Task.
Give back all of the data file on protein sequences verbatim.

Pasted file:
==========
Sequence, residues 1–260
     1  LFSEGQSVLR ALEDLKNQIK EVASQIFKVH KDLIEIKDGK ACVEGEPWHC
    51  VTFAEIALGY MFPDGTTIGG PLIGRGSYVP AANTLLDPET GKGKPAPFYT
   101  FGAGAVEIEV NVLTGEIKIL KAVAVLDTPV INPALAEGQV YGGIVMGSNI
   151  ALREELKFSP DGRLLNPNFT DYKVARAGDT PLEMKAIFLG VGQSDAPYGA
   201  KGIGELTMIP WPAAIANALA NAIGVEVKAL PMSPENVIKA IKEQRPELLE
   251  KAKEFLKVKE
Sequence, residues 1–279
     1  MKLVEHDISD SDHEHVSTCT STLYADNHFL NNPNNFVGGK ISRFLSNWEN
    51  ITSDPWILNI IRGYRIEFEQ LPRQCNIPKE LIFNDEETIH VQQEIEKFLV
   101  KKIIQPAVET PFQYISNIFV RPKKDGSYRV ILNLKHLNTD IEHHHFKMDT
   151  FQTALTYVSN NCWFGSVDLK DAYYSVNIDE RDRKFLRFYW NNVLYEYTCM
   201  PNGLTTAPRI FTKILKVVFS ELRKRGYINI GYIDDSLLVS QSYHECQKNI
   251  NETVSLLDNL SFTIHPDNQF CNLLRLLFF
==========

Sequence, residues 1–260
     1  LFSEGQSVLR ALEDLKNQIK EVASQIFKVH KDLIEIKDGK ACVEGEPWHC
    51  VTFAEIALGY MFPDGTTIGG PLIGRGSYVP AANTLLDPET GKGKPAPFYT
   101  FGAGAVEIEV NVLTGEIKIL KAVAVLDTPV INPALAEGQV YGGIVMGSNI
   151  ALREELKFSP DGRLLNPNFT DYKVARAGDT PLEMKAIFLG VGQSDAPYGA
   201  KGIGELTMIP WPAAIANALA NAIGVEVKAL PMSPENVIKA IKEQRPELLE
   251  KAKEFLKVKE
Sequence, residues 1–279
     1  MKLVEHDISD SDHEHVSTCT STLYADNHFL NNPNNFVGGK ISRFLSNWEN
    51  ITSDPWILNI IRGYRIEFEQ LPRQCNIPKE LIFNDEETIH VQQEIEKFLV
   101  KKIIQPAVET PFQYISNIFV RPKKDGSYRV ILNLKHLNTD IEHHHFKMDT
   151  FQTALTYVSN NCWFGSVDLK DAYYSVNIDE RDRKFLRFYW NNVLYEYTCM
   201  PNGLTTAPRI FTKILKVVFS ELRKRGYINI GYIDDSLLVS QSYHECQKNI
   251  NETVSLLDNL SFTIHPDNQF CNLLRLLFF